Posts tagged C Preprocessor
The C preprocessor blindly expands the macro with whatever they are defined with. Let us examine the following example.
#define CHARPTR char* CHARPTR p1,p2;
The C preprocessor expands the above code to the following.
But we would like p2 to be a character pointer but not a character variable.
So macro are not generally used for variable type definitions as they are not suitable for all sorts of usages. Instead typedef is used as shown below.
typedef char* CHARPTR; CHARPTR p1,p2;
With the above code, the variables p1 and p2 will effectively become character pointers.
The following example shows how a macro MyPrintf can be defined which is mapped to printf function call.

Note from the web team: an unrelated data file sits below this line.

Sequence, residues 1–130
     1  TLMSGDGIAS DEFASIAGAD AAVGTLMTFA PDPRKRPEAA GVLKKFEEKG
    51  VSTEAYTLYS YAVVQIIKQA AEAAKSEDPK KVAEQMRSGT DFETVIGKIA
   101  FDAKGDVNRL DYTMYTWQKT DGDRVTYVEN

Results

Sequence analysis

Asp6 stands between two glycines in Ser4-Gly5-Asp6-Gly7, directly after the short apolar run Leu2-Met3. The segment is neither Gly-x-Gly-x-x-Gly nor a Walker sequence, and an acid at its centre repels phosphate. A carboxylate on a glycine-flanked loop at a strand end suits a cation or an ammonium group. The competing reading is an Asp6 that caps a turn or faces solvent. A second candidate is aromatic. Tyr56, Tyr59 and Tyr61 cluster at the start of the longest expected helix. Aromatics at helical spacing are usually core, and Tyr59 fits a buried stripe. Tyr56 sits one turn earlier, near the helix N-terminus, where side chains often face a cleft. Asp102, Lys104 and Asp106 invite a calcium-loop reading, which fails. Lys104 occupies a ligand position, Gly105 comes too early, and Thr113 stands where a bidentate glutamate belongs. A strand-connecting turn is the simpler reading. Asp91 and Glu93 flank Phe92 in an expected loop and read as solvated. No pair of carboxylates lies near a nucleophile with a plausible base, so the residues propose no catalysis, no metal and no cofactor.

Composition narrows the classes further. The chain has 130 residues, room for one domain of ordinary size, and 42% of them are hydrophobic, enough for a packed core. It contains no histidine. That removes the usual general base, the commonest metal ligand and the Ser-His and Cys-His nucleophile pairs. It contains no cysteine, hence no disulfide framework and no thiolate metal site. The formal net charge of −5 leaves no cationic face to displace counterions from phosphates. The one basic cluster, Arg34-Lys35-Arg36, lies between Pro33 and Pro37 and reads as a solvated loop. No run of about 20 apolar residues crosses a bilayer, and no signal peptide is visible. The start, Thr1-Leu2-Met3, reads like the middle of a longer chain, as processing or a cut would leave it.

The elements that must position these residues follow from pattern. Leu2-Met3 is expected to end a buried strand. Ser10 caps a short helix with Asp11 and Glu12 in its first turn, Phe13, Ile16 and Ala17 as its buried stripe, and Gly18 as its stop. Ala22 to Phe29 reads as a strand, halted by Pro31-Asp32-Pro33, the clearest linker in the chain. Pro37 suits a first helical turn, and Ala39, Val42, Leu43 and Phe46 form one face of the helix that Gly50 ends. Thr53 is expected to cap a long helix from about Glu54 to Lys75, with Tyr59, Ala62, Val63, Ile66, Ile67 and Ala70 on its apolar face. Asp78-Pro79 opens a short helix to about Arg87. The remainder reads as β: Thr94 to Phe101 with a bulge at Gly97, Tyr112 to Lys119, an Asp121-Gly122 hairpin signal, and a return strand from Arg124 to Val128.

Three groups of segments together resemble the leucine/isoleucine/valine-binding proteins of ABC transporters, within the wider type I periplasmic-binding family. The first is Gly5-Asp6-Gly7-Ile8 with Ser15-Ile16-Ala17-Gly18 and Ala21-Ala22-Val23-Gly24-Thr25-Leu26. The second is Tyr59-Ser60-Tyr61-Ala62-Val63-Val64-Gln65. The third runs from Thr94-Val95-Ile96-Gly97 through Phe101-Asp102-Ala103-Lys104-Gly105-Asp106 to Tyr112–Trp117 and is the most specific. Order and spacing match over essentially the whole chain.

#define MyPrintf(fmt,args...) printf(fmt,args)
It is required to mask all debug messages for production builds. This can be achieved by using a macro that takes variable number of arguments. In such cases, the following can be done to enable or disable such messages at compile time using HAVE_DEBUG switch. One advantage of this method is that it will leave no print on the target binary when HAVE_DEBUG is not defined. In other words, if the HAVE_DEBUG compile-time switch is not defined, no strings passed to MyPrintf function will More >